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How does a computer utilize dual GPUs? And how does it compare to a more powerful GPU?

post #1 of 11
Thread Starter 
Just a little curious as to how a computer utilizes two graphics cards and if it's efficient. I've never used a sli setup and will most likely not go that route for a while. However I suspect in a year or so I may want to upgrade to a new CPU that could handle a more powerful sli setup. Get another 7870 which by that time could be less than 200$ or so.

So how does a sli setup work? It can't be as simple as attach two cards together and they run off each other can it? I know a sli setup can possibly use more voltage, that's a given. Let's say instead of a sli 7870 setup I just upgrade to a 7950/7970. Is such an upgrade even justifiable?

The more info someone can shed on it the better, thanks for helping out my curiousity.
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post #2 of 11
Well... seems like you still have a lot to learn tongue.gif

SLi is ONLY for nVidia

Ati uses Crossfire


SLi has to be identical chipsets, Ati can have 2 different cards in CF.

1 vs 2 cards and 2 vs 3 and etc... is called "scaling" (something else you can google for wink.gif )

So sure it has a lot of benefits, but also some downsides. (stuttering, bad driver/game support, adequate power supply needed, etc)


SLi works like one card does the calculations of getting the image on the screen, while the second one calculates PhysX.

But nowadays the graphics cards are so powerfull they can calculate both (image+physx) in 1 card, and even faster than some setups.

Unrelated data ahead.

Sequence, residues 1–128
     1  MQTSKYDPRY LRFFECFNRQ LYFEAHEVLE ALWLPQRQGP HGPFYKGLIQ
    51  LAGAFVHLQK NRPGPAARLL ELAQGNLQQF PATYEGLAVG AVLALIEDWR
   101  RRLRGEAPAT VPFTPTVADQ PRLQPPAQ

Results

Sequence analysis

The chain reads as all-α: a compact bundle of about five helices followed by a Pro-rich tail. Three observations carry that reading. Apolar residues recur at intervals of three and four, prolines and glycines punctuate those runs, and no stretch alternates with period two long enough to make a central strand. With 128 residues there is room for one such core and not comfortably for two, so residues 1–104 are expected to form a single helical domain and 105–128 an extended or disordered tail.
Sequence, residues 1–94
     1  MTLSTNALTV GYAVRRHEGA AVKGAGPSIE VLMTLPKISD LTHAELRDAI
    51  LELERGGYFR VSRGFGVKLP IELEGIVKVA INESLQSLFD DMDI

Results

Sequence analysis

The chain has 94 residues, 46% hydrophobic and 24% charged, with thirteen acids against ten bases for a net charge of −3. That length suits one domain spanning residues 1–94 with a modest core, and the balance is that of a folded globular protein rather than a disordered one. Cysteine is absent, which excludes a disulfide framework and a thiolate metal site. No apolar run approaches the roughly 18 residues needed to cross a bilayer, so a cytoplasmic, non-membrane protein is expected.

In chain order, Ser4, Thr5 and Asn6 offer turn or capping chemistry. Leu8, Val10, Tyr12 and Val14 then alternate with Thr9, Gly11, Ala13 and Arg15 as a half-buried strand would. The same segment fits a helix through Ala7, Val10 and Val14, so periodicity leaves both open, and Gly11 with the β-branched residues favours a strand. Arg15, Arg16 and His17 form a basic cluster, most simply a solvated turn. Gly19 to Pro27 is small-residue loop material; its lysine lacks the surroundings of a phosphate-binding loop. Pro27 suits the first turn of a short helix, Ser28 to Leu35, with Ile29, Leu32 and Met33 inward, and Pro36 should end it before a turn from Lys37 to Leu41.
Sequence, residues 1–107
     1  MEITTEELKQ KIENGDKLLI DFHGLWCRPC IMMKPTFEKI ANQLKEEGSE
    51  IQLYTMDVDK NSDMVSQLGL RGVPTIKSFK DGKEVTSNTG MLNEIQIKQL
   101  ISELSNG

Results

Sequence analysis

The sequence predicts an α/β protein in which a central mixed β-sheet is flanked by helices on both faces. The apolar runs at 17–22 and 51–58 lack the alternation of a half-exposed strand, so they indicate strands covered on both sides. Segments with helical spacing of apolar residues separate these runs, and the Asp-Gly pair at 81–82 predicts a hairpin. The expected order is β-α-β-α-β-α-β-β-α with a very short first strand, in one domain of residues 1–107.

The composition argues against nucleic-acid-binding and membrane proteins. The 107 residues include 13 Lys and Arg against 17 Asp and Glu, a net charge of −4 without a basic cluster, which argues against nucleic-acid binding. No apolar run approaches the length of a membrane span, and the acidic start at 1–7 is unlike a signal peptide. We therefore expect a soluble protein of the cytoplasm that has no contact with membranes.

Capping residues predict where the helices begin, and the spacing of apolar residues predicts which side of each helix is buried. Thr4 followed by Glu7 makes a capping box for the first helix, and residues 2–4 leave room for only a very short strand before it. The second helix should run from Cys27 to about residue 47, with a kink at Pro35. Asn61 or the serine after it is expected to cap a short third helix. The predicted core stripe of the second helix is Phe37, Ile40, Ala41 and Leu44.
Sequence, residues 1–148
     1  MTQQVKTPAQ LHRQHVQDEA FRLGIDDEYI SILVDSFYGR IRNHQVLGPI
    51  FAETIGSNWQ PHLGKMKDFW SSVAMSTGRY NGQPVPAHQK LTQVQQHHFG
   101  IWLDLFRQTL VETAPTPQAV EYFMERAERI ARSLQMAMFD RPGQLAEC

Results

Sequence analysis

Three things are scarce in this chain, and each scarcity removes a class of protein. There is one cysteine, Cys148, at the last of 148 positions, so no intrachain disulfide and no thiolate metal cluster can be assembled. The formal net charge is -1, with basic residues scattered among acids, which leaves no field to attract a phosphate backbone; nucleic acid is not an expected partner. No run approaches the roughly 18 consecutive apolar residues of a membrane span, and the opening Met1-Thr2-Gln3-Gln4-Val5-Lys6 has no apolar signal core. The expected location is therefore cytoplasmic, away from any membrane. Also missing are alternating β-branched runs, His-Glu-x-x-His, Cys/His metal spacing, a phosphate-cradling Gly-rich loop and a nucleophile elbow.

And even with this reply, there is still A LOT more to tell...
   
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post #3 of 11
Quote:
Originally Posted by ASUSfreak View Post

Well... seems like you still have a lot to learn tongue.gif

SLi is ONLY for nVidia

Ati uses Crossfire


SLi has to be identical chipsets, Ati can have 2 different cards in CF.

1 vs 2 cards and 2 vs 3 and etc... is called "scaling" (something else you can google for wink.gif )

So sure it has a lot of benefits, but also some downsides. (stuttering, bad driver/game support, adequate power supply needed, etc)


SLi works like one card does the calculations of getting the image on the screen, while the second one calculates PhysX.

But nowadays the graphics cards are so powerfull they can calculate both (image+physx) in 1 card, and even faster than some setups.


And even with this reply, there is still A LOT more to tell...

dude no sli does not work like that. that example that you put there is what its called a dedicated physx card. that is not sli.

 

sli and xfire do alternate frame rendering. one card renders the even frames and the other card renders the odd frames.  thats just the basics and there is alot more to it. *OP i suggest that you use the search option on the forum or on google to get a real detail description on multi gpu and how it really works.

    
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post #4 of 11
Thread Starter 
I did search, couldn't exactly find what I was looking for. Maybe I'll google search some topics for more specific answers since I haven't really got any here yet either. Thx anyway.
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post #5 of 11
    
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post #6 of 11
Thread Starter 

Repped. Thanks a bunch. Read up on some performance results and all that, now reading about how it actually works.

Now, as asked earlier. How does CPU performance factor into a crossfire setup? If the 7870 is a decently powerful GPU by itself, would a crossfire setup require just about the strongest CPU out there? Or would the 8120 be powerful enough to run a dual setup already? I'm asking so I can get an idea of how powerful a cpu would be needed.
Edited by Xerosnake90 - 9/16/12 at 10:55am
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post #7 of 11
Quote:
Originally Posted by Xerosnake90 View Post

Repped. Thanks a bunch. Read up on some performance results and all that, now reading about how it actually works.
Now, as asked earlier. How does CPU performance factor into a crossfire setup? If the 7870 is a decently powerful GPU by itself, would a crossfire setup require just about the strongest CPU out there? Or would the 8120 be powerful enough to run a dual setup already? I'm asking so I can get an idea of how powerful a cpu would be needed.